"So Much Baja, So Little Time..."

A Baja Missions History book, updated in 2018: http://oldmissions.com

My (over 50) Baja Bound Travel Adventure articles: https://www.bajabound.com/bajaadventures/bajatravel/

My Baja web site, to help you plan your adventure: http://VivaBaja.com

My 2018 Maps: http://forums.bajanomad.com/viewthread.php?tid=88771
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[*] posted on 7-7-2018 at 10:33 AM
The missionaries


One of the most time-consuming sections to research in my book (Baja California Land of Missions) was the lists of missionaries and where they were in Baja over the years.

In each mission chapter, I have a list of the padres documented in service there, so it is location specific [see sample below]. In the back of the book, I have an appendix for each Order (Jesuit, Franciscan, Dominican) with the padres listed alphabetically along with the years and locations they were in Baja [see second sample below].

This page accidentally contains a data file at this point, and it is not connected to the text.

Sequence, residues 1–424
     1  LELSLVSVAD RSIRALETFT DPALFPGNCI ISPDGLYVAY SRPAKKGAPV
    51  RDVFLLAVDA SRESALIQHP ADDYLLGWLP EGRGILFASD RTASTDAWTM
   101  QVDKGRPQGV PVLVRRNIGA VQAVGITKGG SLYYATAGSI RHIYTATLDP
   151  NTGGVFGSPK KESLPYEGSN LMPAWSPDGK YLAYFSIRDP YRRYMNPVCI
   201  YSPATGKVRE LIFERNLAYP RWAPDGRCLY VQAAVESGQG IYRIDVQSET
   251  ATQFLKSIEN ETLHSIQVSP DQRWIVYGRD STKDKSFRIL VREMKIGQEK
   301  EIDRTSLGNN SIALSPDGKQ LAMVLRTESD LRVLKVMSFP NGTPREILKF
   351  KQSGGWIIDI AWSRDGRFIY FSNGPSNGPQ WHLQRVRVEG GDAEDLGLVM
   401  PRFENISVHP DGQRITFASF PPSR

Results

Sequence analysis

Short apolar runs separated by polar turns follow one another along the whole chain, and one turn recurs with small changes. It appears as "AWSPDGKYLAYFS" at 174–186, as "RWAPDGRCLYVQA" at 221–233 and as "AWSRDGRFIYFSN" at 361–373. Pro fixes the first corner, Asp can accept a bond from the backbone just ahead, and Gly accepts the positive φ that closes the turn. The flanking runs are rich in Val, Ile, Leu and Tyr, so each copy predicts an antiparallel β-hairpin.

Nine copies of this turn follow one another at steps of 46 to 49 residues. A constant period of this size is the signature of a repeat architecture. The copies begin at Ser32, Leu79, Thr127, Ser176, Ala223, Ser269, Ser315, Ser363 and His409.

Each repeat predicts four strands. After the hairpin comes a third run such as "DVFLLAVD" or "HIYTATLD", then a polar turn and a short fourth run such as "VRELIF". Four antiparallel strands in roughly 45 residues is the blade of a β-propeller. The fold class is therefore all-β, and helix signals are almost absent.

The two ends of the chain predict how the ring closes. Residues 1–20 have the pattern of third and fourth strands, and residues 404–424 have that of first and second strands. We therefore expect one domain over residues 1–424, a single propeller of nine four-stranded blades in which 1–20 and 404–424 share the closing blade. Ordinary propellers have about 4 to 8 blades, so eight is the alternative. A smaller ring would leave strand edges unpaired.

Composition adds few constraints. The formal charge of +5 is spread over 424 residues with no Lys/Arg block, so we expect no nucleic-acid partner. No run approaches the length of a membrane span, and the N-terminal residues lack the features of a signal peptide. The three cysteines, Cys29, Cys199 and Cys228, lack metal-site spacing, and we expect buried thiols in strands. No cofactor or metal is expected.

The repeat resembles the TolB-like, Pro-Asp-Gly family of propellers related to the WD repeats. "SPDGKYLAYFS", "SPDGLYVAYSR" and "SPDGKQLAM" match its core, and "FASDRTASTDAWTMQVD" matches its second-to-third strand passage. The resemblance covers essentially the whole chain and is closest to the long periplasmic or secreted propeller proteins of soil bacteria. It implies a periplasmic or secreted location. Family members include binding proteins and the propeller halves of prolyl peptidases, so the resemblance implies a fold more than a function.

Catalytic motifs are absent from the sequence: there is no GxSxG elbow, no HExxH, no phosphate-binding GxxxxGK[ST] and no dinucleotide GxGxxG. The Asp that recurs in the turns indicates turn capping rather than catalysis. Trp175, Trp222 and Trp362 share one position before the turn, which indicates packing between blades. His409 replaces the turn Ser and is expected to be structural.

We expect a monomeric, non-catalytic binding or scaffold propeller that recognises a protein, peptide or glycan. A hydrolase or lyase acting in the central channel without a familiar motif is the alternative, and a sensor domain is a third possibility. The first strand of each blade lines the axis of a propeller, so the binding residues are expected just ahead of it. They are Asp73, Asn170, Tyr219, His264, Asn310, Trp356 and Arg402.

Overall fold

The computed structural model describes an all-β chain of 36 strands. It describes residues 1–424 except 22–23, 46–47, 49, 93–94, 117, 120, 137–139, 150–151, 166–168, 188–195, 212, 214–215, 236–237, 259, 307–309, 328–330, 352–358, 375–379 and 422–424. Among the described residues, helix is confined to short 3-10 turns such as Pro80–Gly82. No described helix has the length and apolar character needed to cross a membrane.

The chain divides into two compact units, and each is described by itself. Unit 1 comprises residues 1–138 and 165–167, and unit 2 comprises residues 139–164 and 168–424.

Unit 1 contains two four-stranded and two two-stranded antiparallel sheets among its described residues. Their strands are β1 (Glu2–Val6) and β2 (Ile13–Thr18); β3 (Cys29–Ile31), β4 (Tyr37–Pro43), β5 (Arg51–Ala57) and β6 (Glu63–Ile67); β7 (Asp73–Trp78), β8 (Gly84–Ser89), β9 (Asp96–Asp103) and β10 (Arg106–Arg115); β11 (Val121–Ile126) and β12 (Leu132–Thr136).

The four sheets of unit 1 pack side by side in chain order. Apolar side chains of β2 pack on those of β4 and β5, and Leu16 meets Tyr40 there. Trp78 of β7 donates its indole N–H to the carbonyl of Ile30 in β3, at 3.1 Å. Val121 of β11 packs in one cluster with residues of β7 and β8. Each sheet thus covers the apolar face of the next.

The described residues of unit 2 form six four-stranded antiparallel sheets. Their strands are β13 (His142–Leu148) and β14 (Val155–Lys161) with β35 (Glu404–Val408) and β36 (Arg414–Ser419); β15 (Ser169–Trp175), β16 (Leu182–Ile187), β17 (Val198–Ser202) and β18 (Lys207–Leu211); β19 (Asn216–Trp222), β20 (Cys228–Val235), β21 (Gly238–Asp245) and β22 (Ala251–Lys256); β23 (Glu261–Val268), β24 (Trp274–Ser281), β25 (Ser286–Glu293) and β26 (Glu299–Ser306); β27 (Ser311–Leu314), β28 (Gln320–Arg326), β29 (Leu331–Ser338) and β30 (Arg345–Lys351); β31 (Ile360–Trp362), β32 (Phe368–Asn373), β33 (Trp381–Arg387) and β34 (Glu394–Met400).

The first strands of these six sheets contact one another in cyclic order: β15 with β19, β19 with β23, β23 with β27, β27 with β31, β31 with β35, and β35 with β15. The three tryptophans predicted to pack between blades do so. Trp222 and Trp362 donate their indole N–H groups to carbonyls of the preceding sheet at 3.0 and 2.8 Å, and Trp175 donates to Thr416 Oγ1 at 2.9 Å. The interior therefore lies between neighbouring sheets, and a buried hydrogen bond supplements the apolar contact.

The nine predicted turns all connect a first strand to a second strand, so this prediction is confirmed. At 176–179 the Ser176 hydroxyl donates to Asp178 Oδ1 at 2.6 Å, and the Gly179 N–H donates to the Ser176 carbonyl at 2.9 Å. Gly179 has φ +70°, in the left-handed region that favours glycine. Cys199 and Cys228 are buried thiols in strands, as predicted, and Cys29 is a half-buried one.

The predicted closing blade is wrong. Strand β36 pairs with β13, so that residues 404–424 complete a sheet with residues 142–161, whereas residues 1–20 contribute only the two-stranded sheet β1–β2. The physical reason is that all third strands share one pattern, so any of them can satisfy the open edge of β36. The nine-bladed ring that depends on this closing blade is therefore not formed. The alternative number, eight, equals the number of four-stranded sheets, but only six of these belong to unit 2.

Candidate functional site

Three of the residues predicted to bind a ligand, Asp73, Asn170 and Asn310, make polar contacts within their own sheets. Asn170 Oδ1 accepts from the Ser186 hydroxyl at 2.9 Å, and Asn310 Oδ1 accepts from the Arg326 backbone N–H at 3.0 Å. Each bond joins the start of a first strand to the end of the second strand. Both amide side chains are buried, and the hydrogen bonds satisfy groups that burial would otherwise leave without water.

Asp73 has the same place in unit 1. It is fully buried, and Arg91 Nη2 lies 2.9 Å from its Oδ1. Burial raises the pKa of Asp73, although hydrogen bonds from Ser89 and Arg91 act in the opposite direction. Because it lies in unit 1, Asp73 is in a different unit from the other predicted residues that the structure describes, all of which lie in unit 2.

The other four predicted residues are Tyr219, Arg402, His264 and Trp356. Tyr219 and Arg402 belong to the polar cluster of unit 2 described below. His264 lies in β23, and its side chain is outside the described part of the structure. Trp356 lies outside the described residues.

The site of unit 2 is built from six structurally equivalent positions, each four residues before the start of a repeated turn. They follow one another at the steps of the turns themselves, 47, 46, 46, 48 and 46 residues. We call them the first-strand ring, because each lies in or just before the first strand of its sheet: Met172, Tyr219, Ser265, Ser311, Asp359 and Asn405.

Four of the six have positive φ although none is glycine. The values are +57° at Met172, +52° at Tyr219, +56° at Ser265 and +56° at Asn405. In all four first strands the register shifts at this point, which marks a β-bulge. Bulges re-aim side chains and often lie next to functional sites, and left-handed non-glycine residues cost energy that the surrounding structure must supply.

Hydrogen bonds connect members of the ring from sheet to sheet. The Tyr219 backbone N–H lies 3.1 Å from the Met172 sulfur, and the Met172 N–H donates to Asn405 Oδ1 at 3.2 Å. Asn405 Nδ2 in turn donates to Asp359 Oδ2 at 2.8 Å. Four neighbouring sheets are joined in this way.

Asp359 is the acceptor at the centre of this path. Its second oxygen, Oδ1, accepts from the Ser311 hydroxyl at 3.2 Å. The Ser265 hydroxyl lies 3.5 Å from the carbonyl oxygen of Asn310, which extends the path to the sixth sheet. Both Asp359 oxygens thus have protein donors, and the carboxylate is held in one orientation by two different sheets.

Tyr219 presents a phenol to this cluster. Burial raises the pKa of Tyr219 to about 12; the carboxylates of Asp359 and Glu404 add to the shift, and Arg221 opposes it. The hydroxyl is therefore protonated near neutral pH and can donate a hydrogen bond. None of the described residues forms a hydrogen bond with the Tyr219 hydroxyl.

Because the data is incomplete and so many came to Baja, there are many gaps and years missing. As I say in the book's Preface, I hope this work inspires future discoveries be made to fill in the blanks in the history.


Sample from San José del Cabo mission chapter:



First page of Appendix B:




If you are interested in learning some of the past history of this exciting peninsula or would like to make more discoveries, I recommend my book to get you started! www.oldmissions.com or any of the many distributors online or in stores. Discover Baja Travel Club has a fresh stock. Make sure you look for the 2018 (5th) Printing for the most recent, updated copies!

Want to see more photos and discuss or share more on the missions? Join my Facebook Baja Missions & Travel Group Page, Baja California Land of Missions: https://www.facebook.com/groups/1685520784824763/





"So Much Baja, So Little Time..."

A Baja Missions History book, updated in 2018: http://oldmissions.com

My (over 50) Baja Bound Travel Adventure articles: https://www.bajabound.com/bajaadventures/bajatravel/

My Baja web site, to help you plan your adventure: http://VivaBaja.com

My 2018 Maps: http://forums.bajanomad.com/viewthread.php?tid=88771